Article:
Bruce Baker, a professor at Rutgers Graduate School of Education, decided to write a post about the role of unions in public education after reading a piece in the Economist which included “among the most utterly stupid statements I think I’ve ever read in my life.”

…no Wall Street financier has done as much damage to American social mobility as the teachers’ unions have.

After taking apart that statement and noting that he has no stake in the discussion of teachers unions (as a young teacher in 1990s, he said, “the local union actually ran me out”), he proceeds to answer with data and charts questions. You can read the whole article here; following are some of the issues he analyzes:

How is union strength related to funding levels and funding fairness?

States “which tend to be more educated and progressive happen to both have stronger teachers unions and to spend more on education,” he wrote, with the exception of states like California where the education system has lost resources as a result of voter referendums. And states “with weaker teachers unions also tend to have less fair funding distributions – or are systems where it is more likely that high poverty districts have systematically fewer resources per pupil than lower poverty ones.”

 How is union strength related to competitiveness of teacher pay?

States with stronger teachers unions generally have more competitive teacher wages, he shows.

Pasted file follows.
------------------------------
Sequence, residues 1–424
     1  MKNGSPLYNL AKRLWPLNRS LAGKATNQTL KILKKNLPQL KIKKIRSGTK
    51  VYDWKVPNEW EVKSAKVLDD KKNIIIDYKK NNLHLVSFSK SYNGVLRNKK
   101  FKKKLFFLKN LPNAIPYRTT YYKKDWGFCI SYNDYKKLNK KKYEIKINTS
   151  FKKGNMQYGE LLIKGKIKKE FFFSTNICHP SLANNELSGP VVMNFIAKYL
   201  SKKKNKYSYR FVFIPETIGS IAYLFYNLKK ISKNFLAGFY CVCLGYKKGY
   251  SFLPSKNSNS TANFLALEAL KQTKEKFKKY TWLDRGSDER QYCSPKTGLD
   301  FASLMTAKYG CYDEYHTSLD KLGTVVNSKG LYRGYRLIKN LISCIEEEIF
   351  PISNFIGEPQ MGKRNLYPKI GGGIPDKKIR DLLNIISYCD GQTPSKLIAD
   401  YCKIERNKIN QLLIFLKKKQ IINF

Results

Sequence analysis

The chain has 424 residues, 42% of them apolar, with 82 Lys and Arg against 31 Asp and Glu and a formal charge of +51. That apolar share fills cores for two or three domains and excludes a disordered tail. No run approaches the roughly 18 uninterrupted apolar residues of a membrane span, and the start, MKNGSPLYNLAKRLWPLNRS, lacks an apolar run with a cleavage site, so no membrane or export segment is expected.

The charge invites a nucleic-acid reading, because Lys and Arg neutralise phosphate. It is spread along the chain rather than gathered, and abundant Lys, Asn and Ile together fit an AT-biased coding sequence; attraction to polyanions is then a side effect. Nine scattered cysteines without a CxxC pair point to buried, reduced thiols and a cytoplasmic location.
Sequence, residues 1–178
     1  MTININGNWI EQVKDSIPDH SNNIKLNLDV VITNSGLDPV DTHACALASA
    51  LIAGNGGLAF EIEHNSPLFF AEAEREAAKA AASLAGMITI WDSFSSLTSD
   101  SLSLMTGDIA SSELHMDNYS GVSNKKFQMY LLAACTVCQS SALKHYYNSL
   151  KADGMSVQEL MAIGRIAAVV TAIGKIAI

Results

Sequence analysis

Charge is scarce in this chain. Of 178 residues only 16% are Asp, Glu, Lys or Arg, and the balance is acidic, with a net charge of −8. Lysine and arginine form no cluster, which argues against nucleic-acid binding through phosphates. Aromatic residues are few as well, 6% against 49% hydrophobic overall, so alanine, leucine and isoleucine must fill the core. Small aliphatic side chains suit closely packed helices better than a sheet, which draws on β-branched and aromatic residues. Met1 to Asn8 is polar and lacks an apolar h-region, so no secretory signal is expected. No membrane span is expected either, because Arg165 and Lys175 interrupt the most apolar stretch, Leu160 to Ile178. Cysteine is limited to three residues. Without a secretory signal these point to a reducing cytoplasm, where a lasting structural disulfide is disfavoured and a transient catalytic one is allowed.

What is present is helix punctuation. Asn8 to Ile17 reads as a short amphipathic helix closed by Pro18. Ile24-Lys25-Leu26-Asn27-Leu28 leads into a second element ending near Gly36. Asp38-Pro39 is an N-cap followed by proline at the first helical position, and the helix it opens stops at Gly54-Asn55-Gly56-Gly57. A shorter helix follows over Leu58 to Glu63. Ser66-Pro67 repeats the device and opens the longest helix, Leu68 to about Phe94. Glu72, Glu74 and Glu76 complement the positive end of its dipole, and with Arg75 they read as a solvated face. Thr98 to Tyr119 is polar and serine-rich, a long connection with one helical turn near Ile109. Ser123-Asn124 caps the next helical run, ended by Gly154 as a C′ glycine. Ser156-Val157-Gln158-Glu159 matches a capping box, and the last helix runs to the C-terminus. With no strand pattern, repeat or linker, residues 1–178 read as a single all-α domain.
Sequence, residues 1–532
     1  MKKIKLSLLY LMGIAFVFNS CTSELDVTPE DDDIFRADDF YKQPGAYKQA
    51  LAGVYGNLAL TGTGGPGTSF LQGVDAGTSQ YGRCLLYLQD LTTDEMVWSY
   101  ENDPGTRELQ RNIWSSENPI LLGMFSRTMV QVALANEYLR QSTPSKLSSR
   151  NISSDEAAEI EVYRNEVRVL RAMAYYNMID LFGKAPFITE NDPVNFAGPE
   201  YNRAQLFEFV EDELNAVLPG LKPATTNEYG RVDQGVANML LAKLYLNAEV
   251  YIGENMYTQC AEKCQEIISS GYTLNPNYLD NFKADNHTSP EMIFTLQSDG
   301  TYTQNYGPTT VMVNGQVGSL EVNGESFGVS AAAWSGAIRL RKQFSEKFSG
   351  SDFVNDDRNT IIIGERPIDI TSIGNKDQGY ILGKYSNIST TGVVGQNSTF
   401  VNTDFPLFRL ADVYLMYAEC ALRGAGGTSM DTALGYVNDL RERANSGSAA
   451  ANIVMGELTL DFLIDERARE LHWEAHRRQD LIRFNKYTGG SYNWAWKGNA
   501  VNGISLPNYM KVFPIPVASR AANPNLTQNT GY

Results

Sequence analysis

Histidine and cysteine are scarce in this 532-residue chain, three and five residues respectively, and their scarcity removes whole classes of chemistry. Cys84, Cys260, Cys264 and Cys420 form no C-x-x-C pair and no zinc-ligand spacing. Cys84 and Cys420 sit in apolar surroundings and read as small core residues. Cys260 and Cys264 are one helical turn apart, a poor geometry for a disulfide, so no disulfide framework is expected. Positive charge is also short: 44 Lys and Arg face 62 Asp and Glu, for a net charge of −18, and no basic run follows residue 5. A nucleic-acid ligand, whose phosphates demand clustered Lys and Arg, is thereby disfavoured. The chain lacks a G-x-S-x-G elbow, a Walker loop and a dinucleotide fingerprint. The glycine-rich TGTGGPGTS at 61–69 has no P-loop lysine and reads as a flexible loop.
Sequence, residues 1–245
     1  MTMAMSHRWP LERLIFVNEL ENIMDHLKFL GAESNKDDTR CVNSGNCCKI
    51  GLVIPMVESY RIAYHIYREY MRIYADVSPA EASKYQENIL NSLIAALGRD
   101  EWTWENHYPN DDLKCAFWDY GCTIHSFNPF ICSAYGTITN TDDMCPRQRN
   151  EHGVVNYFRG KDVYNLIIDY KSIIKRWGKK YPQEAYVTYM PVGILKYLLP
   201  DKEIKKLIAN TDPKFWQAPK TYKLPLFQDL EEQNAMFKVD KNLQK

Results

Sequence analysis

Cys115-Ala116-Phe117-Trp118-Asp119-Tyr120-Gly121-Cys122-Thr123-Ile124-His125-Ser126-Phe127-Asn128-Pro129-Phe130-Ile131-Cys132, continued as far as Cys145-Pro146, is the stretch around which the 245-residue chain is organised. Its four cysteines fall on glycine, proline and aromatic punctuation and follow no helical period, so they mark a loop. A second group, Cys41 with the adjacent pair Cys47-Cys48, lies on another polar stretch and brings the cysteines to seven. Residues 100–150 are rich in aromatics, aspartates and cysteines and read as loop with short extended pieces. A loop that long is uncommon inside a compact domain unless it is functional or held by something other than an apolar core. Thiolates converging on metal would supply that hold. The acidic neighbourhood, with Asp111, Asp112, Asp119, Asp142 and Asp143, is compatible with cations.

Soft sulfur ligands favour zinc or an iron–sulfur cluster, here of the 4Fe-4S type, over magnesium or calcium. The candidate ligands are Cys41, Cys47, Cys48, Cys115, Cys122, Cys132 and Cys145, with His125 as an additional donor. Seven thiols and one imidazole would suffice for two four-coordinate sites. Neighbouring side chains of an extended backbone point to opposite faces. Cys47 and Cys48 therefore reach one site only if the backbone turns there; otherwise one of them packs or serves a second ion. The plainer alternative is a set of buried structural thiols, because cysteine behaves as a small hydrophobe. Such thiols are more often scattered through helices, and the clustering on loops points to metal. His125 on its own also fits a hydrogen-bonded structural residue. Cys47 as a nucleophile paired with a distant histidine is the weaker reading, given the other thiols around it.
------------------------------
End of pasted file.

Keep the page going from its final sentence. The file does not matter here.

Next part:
Is union strength associated with National Assessment of Educational Progress achievement levels?

“Adjusted NAEP scores are somewhat though hardly systematically lower in states with weaker unions,” he writes. “What we certainly do not see here is that NAEP scores are systematically lower in states with stronger unions. That is, unions certainly aren’t driving NAEP scores into the ground!”

Is union strength associated with NAEP achievement gaps?

” What we see is little or no relationship between union strength and achievement gaps. While this does not illustrate that stronger unions lead to smaller achievement gaps…. It also does not by any stretch illustrate that stronger unions lead to larger achievement gaps… an expectation that might reasonably be derived from the claim made in the Economist.”

Baker’s conclusion

“What does this all mean then? Are unions good, or are they bad? Do they increase inequality and lower quality? It’s certainly difficult given the data provided above to swallow the bold assertion in the Economist that teachers’ unions are the scourge of the nation and primary cause of declining social mobility.”